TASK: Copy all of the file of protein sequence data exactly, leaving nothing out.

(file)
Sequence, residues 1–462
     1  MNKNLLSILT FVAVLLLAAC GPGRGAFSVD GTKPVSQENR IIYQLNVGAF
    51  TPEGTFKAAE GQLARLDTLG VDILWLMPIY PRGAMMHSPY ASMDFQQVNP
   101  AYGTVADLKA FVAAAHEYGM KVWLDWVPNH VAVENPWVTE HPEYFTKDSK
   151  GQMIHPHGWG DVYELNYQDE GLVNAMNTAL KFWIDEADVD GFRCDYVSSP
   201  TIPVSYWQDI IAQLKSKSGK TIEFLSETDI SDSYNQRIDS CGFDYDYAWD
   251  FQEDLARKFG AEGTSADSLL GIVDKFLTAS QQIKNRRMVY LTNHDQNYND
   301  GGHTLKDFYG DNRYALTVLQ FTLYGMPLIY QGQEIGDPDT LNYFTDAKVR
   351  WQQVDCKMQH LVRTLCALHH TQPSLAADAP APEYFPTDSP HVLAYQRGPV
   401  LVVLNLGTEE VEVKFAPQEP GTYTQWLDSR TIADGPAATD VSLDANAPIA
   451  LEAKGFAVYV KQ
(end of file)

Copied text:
Sequence, residues 1–462
     1  MNKNLLSILT FVAVLLLAAC GPGRGAFSVD GTKPVSQENR IIYQLNVGAF
    51  TPEGTFKAAE GQLARLDTLG VDILWLMPIY PRGAMMHSPY ASMDFQQVNP
   101  AYGTVADLKA FVAAAHEYGM KVWLDWVPNH VAVENPWVTE HPEYFTKDSK
   151  GQMIHPHGWG DVYELNYQDE GLVNAMNTAL KFWIDEADVD GFRCDYVSSP
   201  TIPVSYWQDI IAQLKSKSGK TIEFLSETDI SDSYNQRIDS CGFDYDYAWD
   251  FQEDLARKFG AEGTSADSLL GIVDKFLTAS QQIKNRRMVY LTNHDQNYND
   301  GGHTLKDFYG DNRYALTVLQ FTLYGMPLIY QGQEIGDPDT LNYFTDAKVR
   351  WQQVDCKMQH LVRTLCALHH TQPSLAADAP APEYFPTDSP HVLAYQRGPV
   401  LVVLNLGTEE VEVKFAPQEP GTYTQWLDSR TIADGPAATD VSLDANAPIA
   451  LEAKGFAVYV KQ